"People go to extremes, they're either all the way African or all the way American (Western) -- they can't get with the whole African thing. But we are Africans in America so we have aspects of both cultural heritage to draw from and that is so unique and we need not deny it. I love claiming both so I show that in my clothes," explained Desiree. She also reminded us that many of us still have to work in the American world with its own set of norms and expectations but we can fit in and maintain our own distinctive flair. "My clothes have the best of both worlds," she said with professional pride.
For many women cost can be a real impediment to making the shift to Afrocentric fashions. The reality is, for the cost-conscious consumer a sale tag will often dictate our purchase, but it is not always the smartest investment personally or collectively. Part of the problem, Desiree explained is that "some people don't understand the concept of custom ordering. Some actually do believe that it should be cheaper than something off the rack. But the truth of the matter is, it is a more expensive product and it's a more valuable product because you have something that was made for you; it fits you perfectly and should suit your need."
Most women are able to weigh it all and resolve the issue of cost. "If we see something and we like it and we make a decision that we're gonna have it, the cost really doesn't even matter," said Desiree. That is part of the reason why Desiree welcomes the inclusion of Afrocentric lines in major department stores. That kind of mainstream access, gives more people exposure to the fashions and can foster even greater acceptance, especially among some in the community who may need that kind of validation.
Adding Afrocentric fashions to your wardrobe need not cost an arm and a leg. Desiree concedes that the key is assessing your wardrobe and adding pieces that will compliment what you already have. You can begin the journey, she said, by simply adding an African earring, necklace, scarf, wrap, vest or jacket to your current wardrobe. Once you begin, Desiree said you will find that wearing Afrocentric clothes are good for you because they are made of natural fibers and allow your skin to breathe. She does insist that every woman's wardrobe should include at least one item made of mud cloth.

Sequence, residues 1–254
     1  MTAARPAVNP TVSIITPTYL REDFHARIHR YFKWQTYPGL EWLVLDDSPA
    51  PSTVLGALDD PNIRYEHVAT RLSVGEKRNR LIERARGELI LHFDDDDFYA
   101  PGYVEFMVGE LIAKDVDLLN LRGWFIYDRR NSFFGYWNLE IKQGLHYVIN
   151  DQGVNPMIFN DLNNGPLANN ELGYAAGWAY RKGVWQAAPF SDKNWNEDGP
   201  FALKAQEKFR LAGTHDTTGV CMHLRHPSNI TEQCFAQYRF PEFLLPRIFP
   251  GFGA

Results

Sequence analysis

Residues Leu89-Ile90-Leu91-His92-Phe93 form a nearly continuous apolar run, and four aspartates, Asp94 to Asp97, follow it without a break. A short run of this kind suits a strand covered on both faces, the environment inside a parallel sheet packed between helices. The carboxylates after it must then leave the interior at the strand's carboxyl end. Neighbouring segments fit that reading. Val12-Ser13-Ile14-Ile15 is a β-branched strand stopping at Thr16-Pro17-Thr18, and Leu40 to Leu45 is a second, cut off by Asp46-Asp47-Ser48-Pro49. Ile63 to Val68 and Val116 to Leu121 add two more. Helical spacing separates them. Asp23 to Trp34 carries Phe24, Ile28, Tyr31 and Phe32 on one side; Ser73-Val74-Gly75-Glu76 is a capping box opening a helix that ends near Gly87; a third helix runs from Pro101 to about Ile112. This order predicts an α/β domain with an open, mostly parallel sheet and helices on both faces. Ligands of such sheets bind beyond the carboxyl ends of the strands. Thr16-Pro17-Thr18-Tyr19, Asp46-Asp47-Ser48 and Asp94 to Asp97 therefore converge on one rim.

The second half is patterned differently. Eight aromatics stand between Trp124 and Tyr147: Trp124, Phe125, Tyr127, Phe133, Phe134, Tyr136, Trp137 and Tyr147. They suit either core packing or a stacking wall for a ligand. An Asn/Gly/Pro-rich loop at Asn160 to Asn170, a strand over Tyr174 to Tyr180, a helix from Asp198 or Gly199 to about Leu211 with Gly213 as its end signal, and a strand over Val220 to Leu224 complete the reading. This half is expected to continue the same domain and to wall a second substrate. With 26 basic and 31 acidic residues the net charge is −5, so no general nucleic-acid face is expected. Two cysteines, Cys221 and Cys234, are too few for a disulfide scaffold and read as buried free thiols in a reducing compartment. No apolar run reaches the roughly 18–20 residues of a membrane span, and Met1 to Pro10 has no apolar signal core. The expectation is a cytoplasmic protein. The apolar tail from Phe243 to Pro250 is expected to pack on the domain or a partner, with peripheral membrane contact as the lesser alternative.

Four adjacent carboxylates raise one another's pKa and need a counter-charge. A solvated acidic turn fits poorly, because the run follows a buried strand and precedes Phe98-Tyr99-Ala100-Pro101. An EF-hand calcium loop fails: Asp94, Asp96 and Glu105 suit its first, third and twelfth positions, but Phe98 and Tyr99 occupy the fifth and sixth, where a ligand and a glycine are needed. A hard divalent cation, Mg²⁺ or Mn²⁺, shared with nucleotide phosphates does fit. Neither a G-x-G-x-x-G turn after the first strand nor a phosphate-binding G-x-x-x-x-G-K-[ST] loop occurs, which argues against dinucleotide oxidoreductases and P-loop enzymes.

After all these years Desiree says she remains passionate about creating fashion because she enjoys the reactions of her clients. "I do it because when somebody puts on something that I make its almost like a transformation takes place right there. When they put it on and go look in the mirror and say, 'Oh yeah, this looks nice,' and a bright smile comes on their face and they get excited, that's it for me, that's the thrill. That just really delights me."
As Desiree explained it, the connection between the creation process and the relationship that each client has with her garment is a very organic and intimate one. "When you wear authentic, African mud cloth you can't help but experience its creativity and power. I work with that, so for me this is more than a job. I truly love what I do and I pour that love into each garment I design," she said. The tag on each garment created by Leighel Desiree Design Studio offers a constant reminder of this because it carries the phrase, "Feel the Love!"
If you would like to experience the all natural beauty of fashions by Leighel Desiree Design Studio you can find them in three locations in the metropolitan area
But if you would like to assess how you can cost effectively incorporate Afrocentric elements in your wardrobe, Desiree is available for consultations. Call 301-516-0725 or visit her
website at www.feeltheloveonline.com.
- Gallery Africa, (Beltway Plaza and Forest Village Park Mall, 301-345-2322/301-736-8107)
- Asa All Natural Hair Care (220 Upshur St., NW, 202-545-9272)
- Trade Secrets (1515 U St., NW, 202-667-0634).